Wednesday, September 14, 2011

The Mailman

Question: Why don't they train mailmen on how to handle dogs?  If they do train them, they need to do a better job.

Ok, let me tell you what just happened.

Cody is a spoiled rotten brat.  It's true.  However, he serves one wonderful service, and that's guard dog.  I live in the city.  I drive all over town to houses I've never been to before.  Sometimes things can get nervous.  Cody is praised for barking as people approach (the more ferocious the better) and for barking when I give a command.  He is also praised when he stops barking when I tell him to.  Cody knows his job and takes it seriously.  He knows not to bite, and he's never tried.  The most I've seen him do is sniff.

Our mailman is scared of dogs, and Cody terrifies him.  I would probably be nervous of growling, barking, 60 lb dog too, but this guy has actually jumped a fence as we were walking down the sidewalk (Cody was happy and wagging his tail in a beautiful heel). 

Today, everything happened as normal.  The mailman approached, Cody barked and growled.  One thing was different, though.  I had forgotten to shut the storm door when I came in.  Usually, this wouldn't be a problem because there's another door.  I don't know if Cody somehow opened the door or if it wasn't latched all the way, but he got out today.  Imagine my surprise when I heard the mailman yell, "Get your dog!  Get your dog!"  I ran to the door, and the mailman was running down the sidewalk with Cody behind him.  When the mailman turned to look behind him, he tripped and fell.  Cody bumped him with his nose, ran to pee on a bush, and then came to me.  No teeth contact was made.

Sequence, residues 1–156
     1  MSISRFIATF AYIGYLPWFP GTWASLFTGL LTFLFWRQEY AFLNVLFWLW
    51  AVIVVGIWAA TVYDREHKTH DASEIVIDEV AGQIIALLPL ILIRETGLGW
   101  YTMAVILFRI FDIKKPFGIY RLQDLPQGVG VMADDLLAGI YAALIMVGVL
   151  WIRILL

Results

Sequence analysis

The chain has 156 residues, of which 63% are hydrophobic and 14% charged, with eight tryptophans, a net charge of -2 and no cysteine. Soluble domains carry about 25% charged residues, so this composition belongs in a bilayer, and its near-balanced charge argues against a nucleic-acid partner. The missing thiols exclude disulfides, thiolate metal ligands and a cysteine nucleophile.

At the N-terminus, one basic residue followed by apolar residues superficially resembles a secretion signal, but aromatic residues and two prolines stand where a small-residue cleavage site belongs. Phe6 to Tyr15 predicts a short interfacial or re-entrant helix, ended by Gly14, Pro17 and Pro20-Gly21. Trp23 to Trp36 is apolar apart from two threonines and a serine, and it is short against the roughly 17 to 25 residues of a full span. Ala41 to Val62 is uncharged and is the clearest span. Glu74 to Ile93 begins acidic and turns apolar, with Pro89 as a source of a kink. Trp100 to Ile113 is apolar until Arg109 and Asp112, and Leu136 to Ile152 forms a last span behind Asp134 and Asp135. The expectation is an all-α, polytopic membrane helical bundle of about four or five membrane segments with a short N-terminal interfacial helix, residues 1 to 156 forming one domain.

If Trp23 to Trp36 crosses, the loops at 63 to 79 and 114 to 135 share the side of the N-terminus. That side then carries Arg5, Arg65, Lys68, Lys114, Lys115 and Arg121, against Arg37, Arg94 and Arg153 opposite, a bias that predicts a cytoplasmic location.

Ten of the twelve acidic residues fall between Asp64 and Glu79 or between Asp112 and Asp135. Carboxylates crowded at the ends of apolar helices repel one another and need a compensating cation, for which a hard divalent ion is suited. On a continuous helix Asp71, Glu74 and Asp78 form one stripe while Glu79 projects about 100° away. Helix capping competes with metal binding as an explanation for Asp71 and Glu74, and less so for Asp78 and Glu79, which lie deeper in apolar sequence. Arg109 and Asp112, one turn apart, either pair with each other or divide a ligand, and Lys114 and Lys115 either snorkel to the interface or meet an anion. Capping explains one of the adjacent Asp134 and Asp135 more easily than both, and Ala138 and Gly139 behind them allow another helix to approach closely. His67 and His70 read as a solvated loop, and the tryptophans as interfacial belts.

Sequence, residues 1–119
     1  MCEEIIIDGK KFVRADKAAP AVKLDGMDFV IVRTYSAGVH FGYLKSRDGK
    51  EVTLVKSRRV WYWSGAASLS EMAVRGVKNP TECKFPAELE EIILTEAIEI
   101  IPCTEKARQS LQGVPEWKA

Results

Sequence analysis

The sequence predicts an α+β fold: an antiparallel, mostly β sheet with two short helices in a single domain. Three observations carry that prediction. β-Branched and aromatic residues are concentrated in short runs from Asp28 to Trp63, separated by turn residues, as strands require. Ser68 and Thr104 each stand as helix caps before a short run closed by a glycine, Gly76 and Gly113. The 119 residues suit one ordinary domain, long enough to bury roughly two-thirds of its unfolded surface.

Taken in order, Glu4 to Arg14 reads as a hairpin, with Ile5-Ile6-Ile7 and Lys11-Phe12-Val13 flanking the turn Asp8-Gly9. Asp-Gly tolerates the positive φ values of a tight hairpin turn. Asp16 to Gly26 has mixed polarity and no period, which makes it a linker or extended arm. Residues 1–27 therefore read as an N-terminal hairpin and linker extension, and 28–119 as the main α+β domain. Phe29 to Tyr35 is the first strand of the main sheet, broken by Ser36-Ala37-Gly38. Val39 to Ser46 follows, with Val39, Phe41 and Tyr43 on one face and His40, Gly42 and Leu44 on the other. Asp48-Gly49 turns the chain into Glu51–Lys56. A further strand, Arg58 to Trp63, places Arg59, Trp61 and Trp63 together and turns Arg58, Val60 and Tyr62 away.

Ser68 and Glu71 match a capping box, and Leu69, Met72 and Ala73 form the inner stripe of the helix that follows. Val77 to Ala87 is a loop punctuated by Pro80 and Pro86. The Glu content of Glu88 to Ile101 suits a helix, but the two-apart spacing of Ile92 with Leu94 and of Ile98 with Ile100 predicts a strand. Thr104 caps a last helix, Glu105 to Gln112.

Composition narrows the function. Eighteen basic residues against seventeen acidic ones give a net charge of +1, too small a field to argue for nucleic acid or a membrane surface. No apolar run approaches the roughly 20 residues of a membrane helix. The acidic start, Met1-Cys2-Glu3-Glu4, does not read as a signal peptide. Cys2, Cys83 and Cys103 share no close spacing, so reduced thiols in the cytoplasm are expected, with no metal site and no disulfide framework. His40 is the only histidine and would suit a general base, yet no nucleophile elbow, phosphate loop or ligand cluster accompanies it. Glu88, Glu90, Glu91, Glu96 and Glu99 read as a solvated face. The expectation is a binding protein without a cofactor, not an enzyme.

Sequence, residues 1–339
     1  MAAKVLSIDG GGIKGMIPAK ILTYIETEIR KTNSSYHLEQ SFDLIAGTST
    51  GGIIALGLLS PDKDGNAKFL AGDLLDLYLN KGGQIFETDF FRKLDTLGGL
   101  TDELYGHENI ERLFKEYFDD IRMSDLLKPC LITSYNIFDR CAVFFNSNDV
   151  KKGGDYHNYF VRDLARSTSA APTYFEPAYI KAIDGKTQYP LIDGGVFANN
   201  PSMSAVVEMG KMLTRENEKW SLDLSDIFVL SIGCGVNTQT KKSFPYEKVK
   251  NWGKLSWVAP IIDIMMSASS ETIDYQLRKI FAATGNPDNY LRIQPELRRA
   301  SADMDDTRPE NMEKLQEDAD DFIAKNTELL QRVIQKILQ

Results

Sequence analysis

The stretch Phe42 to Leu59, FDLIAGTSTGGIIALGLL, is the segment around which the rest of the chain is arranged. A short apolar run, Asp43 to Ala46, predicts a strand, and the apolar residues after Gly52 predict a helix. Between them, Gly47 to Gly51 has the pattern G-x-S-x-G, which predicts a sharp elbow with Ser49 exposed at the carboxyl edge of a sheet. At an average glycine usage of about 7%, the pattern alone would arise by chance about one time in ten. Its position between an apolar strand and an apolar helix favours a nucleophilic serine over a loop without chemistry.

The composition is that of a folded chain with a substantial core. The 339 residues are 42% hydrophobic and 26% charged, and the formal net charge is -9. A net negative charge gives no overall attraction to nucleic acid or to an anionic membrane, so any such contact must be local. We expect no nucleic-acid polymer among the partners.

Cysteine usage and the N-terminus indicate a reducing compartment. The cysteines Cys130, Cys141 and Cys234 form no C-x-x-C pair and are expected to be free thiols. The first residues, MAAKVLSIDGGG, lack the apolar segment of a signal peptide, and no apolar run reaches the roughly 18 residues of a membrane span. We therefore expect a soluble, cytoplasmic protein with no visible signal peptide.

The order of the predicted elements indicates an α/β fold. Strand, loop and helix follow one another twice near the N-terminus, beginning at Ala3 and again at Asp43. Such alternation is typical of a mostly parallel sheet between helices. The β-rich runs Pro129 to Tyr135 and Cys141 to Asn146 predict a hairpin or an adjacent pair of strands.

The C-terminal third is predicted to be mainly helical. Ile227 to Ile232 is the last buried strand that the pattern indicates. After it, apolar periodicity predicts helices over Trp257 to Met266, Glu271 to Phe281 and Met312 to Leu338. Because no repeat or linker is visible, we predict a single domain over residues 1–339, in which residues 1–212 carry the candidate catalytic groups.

Some people would say that this means I have a bad dog.  The truth is, though, Cody is doing exactly what I trained him to do: Act ferocious, but be a big baby at heart.  The problem is, the mailman RAN AWAY!

Rule number 1: If a dog is chasing you, stop running.  You have no chance of outrunning the dog (unless you're an ultra-marathoner and had a head start), and by running, you are merely encouraging the dog to chase you.  In fact, in training, I encourage people to run from their dogs as a game to help teach the come command.

Rule number 2: If you are, in fact, worried about being bitten, use what you have for defense.  Most people have some additional layer of clothing (jacket, shoe, etc.) Take it off and throw it at the dog.  At the least, this may distract him long enough for you to get away.  At the best, it will actually scare him off.  The mailman carries a SACK of letters.  When I was little, I would use a similar sack (aka a backpack) and swing it around my front to protect me from jumping dogs.  He should have done the same.

Rule number 3: Once you know that help has arrived, stop hollering.  This will only feed the dog's excitement.  Cesar Milan says it best.  "Calm, Assertive."  If you can't just be quiet, say chant over and over.  This could be, "One, two, three four, I declare a thumb war. " or "Little Miss Muffet..."  Basically, take your mind off of screaming.  The same goes for horses.

These are 3 simple rules.  Everyone should know them, but the mailman should have studied them profusely.  This mailman was lucky this time.  Cody could have been the dog who likes to bite.  He could have been much more aggressive.  Instead, he's really just a big baby who's been taught to bark.  For the mailman's sake, though, I think I'll be double checking the doors from here on out.

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